Value investing might have lost its value.
The classic factor investing strategy of picking stocks with cheap book valuation, embraced by the legendary Warren Buffett, has become increasingly irrelevant thanks to central banks and technology, according to AB Bernstein.
The long period of low interest rates is the first to blame for the demise of value investing, Bernstein said. The Federal Reserve started its quantitative easing program to salvage the economy from the 2008 recession. But at the same time, an easier monetary policy lifted valuations across the board, leaving a smaller premium on cheap stocks, hence the long stretch of underperformance of value names.
Take iShares S&P 500 Value ETF, an exchange-traded fund that tracks the undervalued stocks in the S&P 500. It has been consistently lagging the market in the last five years.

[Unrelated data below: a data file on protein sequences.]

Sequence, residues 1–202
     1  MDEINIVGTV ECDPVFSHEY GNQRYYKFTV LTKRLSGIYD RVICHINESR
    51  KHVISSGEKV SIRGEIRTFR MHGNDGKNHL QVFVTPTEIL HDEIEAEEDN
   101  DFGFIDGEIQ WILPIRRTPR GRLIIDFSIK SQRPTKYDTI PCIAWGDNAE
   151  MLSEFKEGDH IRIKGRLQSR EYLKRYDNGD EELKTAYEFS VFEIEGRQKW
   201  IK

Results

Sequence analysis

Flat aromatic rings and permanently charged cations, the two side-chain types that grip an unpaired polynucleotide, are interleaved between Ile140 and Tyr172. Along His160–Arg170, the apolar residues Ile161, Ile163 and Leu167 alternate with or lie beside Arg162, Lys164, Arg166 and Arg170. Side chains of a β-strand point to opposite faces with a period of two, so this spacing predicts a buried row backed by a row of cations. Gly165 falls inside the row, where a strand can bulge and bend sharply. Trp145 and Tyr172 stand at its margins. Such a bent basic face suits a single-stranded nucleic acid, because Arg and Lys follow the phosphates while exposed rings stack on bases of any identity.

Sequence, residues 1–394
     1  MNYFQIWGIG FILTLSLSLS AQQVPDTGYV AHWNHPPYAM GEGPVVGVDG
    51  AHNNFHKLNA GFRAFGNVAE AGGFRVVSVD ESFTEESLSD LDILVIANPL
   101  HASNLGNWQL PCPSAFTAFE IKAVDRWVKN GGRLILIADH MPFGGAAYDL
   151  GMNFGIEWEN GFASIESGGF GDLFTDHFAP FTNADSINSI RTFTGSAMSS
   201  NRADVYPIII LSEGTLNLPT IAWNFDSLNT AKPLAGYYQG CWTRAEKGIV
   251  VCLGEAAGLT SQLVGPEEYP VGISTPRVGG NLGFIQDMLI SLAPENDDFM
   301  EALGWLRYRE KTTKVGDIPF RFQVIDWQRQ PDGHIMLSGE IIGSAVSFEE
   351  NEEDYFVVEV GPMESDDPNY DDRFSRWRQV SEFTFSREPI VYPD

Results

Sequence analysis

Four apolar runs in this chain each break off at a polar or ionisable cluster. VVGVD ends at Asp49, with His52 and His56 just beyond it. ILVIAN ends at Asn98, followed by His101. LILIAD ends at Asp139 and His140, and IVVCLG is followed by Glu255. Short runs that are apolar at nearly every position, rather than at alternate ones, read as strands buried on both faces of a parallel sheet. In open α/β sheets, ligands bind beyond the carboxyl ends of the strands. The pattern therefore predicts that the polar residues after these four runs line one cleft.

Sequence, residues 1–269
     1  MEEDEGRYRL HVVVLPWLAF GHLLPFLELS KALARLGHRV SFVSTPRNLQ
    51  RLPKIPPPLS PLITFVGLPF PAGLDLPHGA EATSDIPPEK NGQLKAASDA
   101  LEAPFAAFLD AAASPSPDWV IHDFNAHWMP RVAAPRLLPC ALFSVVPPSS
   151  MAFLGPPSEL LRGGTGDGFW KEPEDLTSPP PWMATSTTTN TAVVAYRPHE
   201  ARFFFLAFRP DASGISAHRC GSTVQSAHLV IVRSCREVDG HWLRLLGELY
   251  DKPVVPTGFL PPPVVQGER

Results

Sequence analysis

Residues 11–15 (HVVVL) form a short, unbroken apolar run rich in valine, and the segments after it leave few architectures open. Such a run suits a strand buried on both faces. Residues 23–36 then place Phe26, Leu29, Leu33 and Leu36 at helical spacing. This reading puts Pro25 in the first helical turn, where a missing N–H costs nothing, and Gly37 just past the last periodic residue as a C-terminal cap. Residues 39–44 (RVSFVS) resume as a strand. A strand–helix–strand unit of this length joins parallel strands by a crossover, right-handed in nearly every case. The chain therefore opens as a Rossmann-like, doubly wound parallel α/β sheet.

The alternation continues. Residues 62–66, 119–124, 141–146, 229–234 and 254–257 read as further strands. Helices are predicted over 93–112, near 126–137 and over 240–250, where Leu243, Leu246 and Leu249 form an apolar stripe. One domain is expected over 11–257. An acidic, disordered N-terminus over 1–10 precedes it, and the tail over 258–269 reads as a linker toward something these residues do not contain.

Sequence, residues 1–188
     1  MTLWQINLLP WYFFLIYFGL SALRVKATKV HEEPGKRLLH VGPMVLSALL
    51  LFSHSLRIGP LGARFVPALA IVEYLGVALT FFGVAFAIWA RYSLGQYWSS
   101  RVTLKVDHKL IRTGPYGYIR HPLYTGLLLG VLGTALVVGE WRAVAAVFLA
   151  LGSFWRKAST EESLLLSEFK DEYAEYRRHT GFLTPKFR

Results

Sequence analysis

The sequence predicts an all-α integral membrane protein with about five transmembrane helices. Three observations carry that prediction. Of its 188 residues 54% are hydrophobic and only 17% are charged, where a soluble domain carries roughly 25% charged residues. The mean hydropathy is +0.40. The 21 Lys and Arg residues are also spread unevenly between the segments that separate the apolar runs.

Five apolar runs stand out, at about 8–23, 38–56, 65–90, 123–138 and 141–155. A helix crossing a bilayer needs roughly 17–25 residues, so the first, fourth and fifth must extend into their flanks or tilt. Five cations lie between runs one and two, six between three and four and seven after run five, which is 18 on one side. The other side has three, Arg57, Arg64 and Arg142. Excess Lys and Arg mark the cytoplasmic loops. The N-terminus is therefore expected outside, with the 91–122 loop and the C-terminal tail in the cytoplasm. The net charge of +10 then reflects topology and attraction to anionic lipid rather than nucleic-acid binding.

"Duration has been bid up as rates are so low," Inigo Fraser-Jenkins, Bernstein's head of European quantitative strategy, said in a note on Wednesday. "Thus, the outperformance of value might require higher interest rates, which could be structurally difficult to achieve in the foreseeable future. In this sense one could say that QE could have stopped the mean-reversion process that usually occurs over the economic cycle."